Though there have been relatively few studies on drug-resistant acne up till now, a 2001 study from French researchers found that an astonishing 50 of the isolated P. acnes bacteria showed resistance to erythromycin, one of the most commonly used antibiotics.  Researchers suspect that some 10 to 30 percent of acne patients carry at least some of the resistant bacteria strains.


16-year-old Chris Fields, a high-school sophomore in Concrete, Washington, is all too familiar with the psychological and emotional stress caused by severe acne.  About half a year ago, his dermatologist had him start a tetracycline regimen of 500 mg a day.  Within a month his skin had dramatically cleared and he was feeling confident enough to look people in the face again.

"I had more self-confidence and stuff," he said.  "When I'd go out in public, I'd actually look people in the eye and not be so worried about how my face looks.  Right now, that's starting to slip away again."

As is often the case with antibiotic-resistant acne, Field's skin was clear for about two months before his acne seemed to come back with a vengeance.  Next week he'll go back to his dermatologist to see if they can figure out what went wrong and to determine what the next step in his treatment will be.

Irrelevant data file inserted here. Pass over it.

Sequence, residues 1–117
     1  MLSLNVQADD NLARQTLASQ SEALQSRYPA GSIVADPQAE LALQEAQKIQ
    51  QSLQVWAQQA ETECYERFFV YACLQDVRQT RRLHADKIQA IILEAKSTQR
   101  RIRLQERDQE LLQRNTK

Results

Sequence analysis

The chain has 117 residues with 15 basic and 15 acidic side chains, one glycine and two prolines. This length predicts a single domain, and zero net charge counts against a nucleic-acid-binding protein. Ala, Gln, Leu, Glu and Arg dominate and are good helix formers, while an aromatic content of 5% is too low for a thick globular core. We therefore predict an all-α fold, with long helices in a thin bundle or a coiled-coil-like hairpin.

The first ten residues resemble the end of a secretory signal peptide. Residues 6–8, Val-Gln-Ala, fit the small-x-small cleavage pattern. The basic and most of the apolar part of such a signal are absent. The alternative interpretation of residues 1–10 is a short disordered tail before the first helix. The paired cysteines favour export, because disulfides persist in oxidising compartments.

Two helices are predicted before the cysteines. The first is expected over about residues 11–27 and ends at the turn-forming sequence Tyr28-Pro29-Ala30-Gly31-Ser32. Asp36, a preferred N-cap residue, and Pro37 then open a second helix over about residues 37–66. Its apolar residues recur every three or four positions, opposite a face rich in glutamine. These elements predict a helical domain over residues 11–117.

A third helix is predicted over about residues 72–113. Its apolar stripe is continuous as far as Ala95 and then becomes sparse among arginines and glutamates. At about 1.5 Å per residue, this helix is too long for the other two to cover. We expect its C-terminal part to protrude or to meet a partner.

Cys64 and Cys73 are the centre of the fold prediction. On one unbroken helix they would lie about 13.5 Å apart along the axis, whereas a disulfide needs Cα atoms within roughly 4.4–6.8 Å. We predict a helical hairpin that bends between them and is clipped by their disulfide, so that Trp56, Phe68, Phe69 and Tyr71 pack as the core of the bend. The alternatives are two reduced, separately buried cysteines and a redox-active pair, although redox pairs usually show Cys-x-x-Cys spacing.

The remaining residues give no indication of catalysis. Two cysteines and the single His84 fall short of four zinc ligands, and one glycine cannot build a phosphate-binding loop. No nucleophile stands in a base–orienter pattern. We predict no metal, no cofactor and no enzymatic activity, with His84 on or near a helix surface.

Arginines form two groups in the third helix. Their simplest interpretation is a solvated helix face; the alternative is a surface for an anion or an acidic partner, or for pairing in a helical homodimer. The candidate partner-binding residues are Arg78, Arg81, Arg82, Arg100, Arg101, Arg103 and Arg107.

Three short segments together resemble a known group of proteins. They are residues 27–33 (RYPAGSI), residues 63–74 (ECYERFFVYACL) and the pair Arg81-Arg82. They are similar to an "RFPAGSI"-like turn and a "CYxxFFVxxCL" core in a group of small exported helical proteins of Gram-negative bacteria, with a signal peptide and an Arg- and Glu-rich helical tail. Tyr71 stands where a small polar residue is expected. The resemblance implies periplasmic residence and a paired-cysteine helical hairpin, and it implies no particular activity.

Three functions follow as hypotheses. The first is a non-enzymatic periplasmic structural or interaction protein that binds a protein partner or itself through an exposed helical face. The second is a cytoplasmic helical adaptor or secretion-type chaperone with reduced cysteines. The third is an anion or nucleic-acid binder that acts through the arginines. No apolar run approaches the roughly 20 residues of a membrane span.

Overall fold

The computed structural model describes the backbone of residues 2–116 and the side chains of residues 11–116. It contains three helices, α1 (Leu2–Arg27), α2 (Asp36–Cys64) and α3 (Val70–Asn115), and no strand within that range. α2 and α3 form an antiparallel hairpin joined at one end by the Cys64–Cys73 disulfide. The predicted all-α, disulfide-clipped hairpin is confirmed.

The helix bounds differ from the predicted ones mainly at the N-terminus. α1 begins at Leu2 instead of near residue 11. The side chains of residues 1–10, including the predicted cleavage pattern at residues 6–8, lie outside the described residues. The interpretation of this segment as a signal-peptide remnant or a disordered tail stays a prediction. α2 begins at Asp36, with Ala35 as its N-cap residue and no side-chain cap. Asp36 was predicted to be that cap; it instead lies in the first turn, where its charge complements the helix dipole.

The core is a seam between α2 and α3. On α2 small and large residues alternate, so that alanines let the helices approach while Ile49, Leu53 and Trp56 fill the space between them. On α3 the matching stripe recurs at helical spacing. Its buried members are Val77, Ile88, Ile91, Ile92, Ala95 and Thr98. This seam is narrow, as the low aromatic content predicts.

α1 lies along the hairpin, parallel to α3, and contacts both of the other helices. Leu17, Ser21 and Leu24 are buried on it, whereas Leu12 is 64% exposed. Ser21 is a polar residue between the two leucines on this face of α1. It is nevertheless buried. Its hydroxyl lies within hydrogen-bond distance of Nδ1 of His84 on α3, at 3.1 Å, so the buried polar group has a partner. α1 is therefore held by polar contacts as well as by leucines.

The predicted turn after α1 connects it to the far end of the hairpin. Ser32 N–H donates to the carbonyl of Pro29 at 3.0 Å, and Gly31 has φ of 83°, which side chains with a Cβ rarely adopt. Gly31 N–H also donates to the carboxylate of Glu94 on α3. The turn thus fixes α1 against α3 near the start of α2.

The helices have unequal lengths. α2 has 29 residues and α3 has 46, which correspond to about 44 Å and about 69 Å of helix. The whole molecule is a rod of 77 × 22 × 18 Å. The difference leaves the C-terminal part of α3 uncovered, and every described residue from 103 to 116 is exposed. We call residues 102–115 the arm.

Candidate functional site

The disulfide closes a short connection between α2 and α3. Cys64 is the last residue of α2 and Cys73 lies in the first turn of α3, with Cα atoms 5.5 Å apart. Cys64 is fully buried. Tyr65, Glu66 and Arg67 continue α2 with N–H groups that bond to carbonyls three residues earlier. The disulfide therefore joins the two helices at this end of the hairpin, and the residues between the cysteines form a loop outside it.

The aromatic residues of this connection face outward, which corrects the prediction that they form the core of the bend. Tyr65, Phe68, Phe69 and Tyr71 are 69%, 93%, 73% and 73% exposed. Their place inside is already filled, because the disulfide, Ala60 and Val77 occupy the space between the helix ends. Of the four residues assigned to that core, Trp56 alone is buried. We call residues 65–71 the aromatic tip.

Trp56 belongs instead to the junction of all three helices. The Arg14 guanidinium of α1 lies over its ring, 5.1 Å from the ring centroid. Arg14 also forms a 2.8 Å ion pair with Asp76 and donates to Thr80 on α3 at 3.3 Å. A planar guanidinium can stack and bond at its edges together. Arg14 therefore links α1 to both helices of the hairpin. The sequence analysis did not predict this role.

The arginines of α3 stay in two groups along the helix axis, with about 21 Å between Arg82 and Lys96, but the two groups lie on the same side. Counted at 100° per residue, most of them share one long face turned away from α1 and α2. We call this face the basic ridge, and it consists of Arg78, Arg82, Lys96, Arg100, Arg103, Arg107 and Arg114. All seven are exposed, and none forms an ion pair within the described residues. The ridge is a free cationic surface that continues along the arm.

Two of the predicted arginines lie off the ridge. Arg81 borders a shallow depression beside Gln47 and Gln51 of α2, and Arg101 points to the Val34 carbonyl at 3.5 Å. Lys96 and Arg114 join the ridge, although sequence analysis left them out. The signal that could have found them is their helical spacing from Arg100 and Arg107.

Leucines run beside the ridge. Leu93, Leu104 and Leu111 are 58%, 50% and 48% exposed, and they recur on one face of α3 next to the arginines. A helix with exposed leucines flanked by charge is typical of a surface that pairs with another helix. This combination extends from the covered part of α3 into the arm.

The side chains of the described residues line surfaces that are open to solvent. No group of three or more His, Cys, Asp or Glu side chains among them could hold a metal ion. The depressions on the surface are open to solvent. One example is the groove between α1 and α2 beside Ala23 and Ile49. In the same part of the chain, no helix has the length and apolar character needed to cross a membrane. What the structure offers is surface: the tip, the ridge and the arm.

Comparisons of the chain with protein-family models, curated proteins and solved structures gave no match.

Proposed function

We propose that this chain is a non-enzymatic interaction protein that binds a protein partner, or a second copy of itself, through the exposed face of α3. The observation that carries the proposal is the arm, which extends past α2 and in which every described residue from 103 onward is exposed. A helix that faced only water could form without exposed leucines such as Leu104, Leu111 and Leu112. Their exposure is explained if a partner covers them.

Keri, a dermatologist in Miami, says that one of the most common problems with acne treatment is that doctors in private practices don't typically test their patients for resistance.  "If they thought [patients] were resistant, they might switch antibiotics or add topical treatment to the mix."  Instead, they usually just increase the dosage of the antibiotic or switch to another one, thus increasing the probability that the bacteria will develop further resistance.


Whether or not a patient is resistant, there are numerous ways to attack the problem of acne, since the bacteria only constitute one step in pimple-forming process.

First, the amount of oil in a pore increases.  Then, the skin cells inside the pore become sticky from the excess oil, which eventually causes the pore to clog.  Next, the bacteria come in and begin to feed on the oil and reproduce.  Finally, the body's immune response recognizes the growing colony of bacteria and begins to fight against it, causing the red inflammation typically associated with a pimple.

"The fact is, because acne is much more complicated than a simple infection, there really are a wide variety of other approaches that are very useful," says Dr. Fleischer.

Fewer and fewer doctors are relying on antibiotics alone to treat acne these days.  In a 2005 study co-authored by Fleischer, he and his colleagues found that a major shift had taken place in the field of dermatology and that that more doctors than ever were resorting to non-antibiotic treatments.  Fleischer noted that when he began his practice 20 years ago, erythromycin was by far the most commonly used form of acne treatment.  "Now maybe I have one patient on it," he says.

"Acne is not a life-threatening situation; it is a quality of life situation.  Using drugs that don't display drug resistance will allow us to make patients look and feel better." 

For millions of self-conscious teenagers across the world, they couldn't ask for more.